The Kaluga Orchestra of Ukraine returned home after an emotional victory at Eurovision, which was welcomed on the border with Poland by the military and women whose affairs the band defended in Turin.
Frontman Oleg Psyuk was presented with a bouquet of yellow and blue flowers – the colors of the Ukrainian flag – and met with his girlfriend before he and his band launched an impromptu version of their winning song Stephanie.
On Saturday, they backed a wave of popular support to win the annual song festival in a city in northern Italy, giving their compatriots much-needed morale after nearly 12 weeks of war.
The Ukrainian military, who watched on television, welcomed the victory, and Psyuk asked for help at the end of a live performance for the blockade of Mariupol and its metallurgical plant “Azovstal”.
“Eurovision is a very important thing, especially this year. But the lives of so many people are much more important,” Psyuk said at the border.
The Kaluga orchestra plans to sell the Eurovision trophy to raise money for Ukraine’s military action.
Psyuk said he hopes to raise hundreds of thousands of dollars.
“There are people who are just willing to donate. It’s just to motivate them even more – they can own this trophy. One might think it’s cool to have a statuette of the winner of Eurovision-2022 at home,” he said.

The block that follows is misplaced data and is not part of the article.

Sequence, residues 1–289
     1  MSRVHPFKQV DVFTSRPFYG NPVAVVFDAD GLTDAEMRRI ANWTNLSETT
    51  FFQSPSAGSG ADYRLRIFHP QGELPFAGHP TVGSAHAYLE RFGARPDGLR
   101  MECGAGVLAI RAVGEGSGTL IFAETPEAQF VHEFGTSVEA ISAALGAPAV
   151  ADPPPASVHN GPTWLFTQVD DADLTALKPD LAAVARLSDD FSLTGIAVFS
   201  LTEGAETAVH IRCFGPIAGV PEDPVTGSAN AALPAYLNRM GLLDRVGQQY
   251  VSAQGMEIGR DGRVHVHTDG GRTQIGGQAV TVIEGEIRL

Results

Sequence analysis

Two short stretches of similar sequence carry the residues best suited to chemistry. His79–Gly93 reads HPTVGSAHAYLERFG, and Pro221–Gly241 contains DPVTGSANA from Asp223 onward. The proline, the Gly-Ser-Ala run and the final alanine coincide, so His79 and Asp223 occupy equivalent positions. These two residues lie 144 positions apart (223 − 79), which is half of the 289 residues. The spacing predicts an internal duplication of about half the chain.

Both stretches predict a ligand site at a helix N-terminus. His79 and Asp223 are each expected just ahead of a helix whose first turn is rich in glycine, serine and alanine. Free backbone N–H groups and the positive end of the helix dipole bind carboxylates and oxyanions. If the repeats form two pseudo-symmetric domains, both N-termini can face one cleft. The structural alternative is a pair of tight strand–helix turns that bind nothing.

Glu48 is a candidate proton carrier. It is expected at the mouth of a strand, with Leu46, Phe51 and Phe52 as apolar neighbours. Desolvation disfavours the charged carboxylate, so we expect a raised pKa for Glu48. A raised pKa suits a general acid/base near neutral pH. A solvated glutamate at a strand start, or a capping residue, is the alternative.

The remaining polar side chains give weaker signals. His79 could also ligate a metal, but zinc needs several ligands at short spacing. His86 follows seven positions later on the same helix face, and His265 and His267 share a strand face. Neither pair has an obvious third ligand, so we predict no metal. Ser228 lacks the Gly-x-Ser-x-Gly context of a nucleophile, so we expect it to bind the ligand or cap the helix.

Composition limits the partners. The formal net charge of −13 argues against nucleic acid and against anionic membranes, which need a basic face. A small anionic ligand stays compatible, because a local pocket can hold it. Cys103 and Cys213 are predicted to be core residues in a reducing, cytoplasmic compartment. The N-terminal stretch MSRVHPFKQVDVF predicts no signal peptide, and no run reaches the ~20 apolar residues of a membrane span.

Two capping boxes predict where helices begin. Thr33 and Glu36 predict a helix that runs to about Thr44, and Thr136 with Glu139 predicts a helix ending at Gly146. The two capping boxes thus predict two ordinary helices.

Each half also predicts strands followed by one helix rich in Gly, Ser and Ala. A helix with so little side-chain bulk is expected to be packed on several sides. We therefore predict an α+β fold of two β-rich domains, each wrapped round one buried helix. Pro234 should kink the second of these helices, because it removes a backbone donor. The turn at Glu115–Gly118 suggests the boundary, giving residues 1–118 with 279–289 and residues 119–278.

President Volodymyr Zelensky hurried to congratulate on Saturday, and residents of the town, which is named after the group – about three hours by car southeast of the village of Krakovets, where they returned to Ukraine – were delighted.
“I love my Kalush. My wife and I watched until the first hour of the night. And we were happy to win. I jumped. I was in seventh heaven,” said 74-year-old Kalush resident Peter Yugan on Sunday.
“But I also want us to end the war as soon as possible, and that would be an even bigger victory.”
Bookmakers have made the Kalush Orchestra a clear favorite among the 40 participants in the annual competition, thanks in part to widespread sympathy for Ukraine since Russia’s invasion in February.
Stefania, a tribute to the memory of Psyuk’s mother in Ukrainian, which combines rap with traditional folk music, took fourth place after the national jury vote, but broke into first place thanks to a record score in the second round of voting.